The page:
After more than nine hours of debate, the Connecticut House of Representatives voted on Wednesday to repeal the state’s death penalty, following a similar vote in the State Senate last week. Gov. Dannel P. Malloy, a Democrat, has said he will sign the bill.
How Santorum boxed in Romney
By E.J. Dionne — Washington Post, Opinion
Yes, it’s still early. Renewed economic jitters in Europe could spoil a fragile U.S. recovery. But for now, Romney finds himself in a political maze with no obvious path out. He’s there partly because of his own mistakes, but he was also led to this point because of the unlikely strength of Rick Santorum’s challenge.
Obama delays ban on discrimination by U.S. contractors, disappointing gay rights advocates
By Peter Wallsten — Washington Post, 44
A surprising new rift opened between the White House and the gay rights movement after White House officials revealed Wednesday that President Obama would not sign an executive order sought by activists to prohibit federal contractors from discriminating on the basis of sexual orientation or gender identity.
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Both lawmakers and clergy members this week weighed in on the proposed Supplemental Nutrition Assistance Program cuts included in Rep. Paul Ryan’s draconian GOP budget proposal. Despite SNAP’s proven ability to prevent hunger and lift families from poverty, the program remains on the chopping block.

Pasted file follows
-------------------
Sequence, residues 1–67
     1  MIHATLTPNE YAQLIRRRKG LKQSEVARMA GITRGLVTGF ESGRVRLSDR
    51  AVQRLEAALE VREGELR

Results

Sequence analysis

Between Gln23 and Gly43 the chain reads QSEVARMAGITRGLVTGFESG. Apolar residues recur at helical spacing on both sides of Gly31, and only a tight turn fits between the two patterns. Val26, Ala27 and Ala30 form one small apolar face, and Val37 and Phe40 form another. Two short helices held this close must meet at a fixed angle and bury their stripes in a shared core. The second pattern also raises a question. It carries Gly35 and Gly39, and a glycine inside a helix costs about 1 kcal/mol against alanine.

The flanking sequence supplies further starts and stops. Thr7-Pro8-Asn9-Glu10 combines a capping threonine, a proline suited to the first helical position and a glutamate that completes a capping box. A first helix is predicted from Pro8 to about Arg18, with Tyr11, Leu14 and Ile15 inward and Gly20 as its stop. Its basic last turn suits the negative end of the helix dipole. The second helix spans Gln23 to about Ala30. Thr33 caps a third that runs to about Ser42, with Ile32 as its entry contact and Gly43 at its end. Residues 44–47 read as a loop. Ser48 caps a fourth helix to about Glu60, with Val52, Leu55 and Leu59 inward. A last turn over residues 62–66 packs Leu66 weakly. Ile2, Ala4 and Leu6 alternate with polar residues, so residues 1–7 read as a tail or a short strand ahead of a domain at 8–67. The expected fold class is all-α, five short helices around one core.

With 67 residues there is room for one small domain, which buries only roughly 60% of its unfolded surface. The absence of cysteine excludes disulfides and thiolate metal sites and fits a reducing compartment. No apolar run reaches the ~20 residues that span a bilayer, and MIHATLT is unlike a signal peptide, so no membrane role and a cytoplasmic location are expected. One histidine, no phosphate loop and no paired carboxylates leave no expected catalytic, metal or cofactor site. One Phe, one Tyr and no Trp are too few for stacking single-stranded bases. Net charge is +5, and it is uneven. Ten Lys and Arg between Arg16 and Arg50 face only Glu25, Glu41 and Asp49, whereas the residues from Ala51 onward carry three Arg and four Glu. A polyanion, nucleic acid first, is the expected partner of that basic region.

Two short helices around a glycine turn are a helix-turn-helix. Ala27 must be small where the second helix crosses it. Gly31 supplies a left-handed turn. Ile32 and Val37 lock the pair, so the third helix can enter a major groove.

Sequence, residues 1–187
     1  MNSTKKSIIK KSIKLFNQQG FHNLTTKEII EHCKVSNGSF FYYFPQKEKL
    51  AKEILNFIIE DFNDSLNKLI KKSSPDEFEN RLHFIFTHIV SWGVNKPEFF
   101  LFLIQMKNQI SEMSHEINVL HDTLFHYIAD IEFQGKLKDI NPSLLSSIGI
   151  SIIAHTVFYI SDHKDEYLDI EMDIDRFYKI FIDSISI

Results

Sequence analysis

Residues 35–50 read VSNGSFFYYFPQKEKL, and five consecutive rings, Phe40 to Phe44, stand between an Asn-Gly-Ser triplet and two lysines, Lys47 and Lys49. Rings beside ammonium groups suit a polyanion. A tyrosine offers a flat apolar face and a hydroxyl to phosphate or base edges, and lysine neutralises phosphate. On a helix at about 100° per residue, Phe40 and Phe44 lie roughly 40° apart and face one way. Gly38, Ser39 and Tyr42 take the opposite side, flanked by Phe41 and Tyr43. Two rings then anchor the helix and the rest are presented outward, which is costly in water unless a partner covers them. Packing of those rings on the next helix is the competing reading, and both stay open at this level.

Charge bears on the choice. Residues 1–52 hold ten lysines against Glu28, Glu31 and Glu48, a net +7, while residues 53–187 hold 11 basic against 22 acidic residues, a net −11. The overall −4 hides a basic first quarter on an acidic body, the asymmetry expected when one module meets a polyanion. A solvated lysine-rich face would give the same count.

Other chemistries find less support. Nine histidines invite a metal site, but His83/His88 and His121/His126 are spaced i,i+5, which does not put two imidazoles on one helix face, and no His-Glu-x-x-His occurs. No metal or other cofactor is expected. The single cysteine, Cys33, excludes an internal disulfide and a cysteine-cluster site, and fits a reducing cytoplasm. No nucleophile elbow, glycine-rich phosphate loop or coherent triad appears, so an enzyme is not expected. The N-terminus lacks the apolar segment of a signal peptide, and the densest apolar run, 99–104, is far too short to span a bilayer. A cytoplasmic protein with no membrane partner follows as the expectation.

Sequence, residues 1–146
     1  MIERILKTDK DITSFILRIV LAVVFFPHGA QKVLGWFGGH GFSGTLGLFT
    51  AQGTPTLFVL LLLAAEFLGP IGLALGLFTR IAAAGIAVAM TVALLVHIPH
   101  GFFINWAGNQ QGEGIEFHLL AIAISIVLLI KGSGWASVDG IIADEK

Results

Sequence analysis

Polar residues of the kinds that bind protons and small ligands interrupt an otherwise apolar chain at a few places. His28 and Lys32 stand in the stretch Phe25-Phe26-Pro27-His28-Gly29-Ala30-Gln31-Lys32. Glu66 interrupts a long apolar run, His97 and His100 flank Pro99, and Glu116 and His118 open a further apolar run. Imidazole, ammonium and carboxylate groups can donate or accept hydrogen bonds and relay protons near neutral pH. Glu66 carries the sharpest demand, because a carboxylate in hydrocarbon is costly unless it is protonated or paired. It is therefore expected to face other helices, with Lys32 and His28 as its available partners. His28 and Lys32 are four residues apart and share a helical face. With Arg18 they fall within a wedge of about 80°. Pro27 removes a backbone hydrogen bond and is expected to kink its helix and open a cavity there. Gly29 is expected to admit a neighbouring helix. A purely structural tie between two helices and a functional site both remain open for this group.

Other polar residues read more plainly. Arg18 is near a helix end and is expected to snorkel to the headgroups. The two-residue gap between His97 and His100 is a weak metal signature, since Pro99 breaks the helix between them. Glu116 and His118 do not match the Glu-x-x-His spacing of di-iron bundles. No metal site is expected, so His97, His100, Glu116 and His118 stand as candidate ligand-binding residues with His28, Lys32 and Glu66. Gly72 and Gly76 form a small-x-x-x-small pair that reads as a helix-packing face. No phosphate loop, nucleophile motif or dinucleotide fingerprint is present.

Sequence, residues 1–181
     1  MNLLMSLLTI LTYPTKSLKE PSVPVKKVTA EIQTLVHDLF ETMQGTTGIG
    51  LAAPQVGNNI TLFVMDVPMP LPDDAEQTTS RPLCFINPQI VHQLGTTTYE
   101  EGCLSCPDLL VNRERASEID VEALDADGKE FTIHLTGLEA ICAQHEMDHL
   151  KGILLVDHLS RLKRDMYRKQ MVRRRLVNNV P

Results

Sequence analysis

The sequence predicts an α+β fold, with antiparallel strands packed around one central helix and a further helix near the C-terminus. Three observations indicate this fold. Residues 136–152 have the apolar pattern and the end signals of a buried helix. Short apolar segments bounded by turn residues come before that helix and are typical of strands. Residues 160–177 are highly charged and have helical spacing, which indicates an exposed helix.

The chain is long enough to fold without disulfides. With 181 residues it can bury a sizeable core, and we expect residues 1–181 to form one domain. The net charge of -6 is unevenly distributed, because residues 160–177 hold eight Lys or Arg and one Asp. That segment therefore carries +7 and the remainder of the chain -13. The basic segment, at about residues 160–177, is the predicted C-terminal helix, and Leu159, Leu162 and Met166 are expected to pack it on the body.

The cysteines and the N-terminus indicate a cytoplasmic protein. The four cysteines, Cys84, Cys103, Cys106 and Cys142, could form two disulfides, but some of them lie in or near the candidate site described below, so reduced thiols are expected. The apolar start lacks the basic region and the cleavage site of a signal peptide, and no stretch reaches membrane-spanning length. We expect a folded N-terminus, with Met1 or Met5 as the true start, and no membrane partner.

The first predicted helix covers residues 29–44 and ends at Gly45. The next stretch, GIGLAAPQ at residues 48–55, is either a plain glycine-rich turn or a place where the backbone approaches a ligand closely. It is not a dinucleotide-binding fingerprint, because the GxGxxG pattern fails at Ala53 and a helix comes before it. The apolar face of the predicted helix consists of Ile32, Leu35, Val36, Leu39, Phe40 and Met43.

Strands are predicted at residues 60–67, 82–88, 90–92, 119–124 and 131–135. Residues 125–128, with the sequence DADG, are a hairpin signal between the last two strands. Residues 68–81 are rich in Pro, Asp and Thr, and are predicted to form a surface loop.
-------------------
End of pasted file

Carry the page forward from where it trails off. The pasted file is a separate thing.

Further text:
While it may be difficult to picture the true effects of a ten-year, $134 billion cut to food assistance programs, it isn’t hard to imagine the dangerous consequences of a family of four losing $90 a month in SNAP benefits.
Writing as both a lawmaker and a Catholic, Rep. Rosa DeLauro (D-Conn.) detailed why Congress has a moral obligation to maintain SNAP funding. From The Hill’s Congress Blog:
For one, as a Catholic, I have always believed we have a moral obligation to alleviate suffering and hunger. In the words of Matthew 25:35, “For I was hungry and you gave me food.” In the deeds of Christ, who brought plenty in the midst of want with the miracle of loaves and fishes. Preventing our fellow citizens from starving and suffering the effects of malnutrition is a basic component of what good government does.
Rabbi Steve Gutow of the Jewish Council for Public Affairs and Abby Leibman of Mazon also weighed in on the effectiveness of SNAP in a Jewish Telegraphic Agency Op-Ed: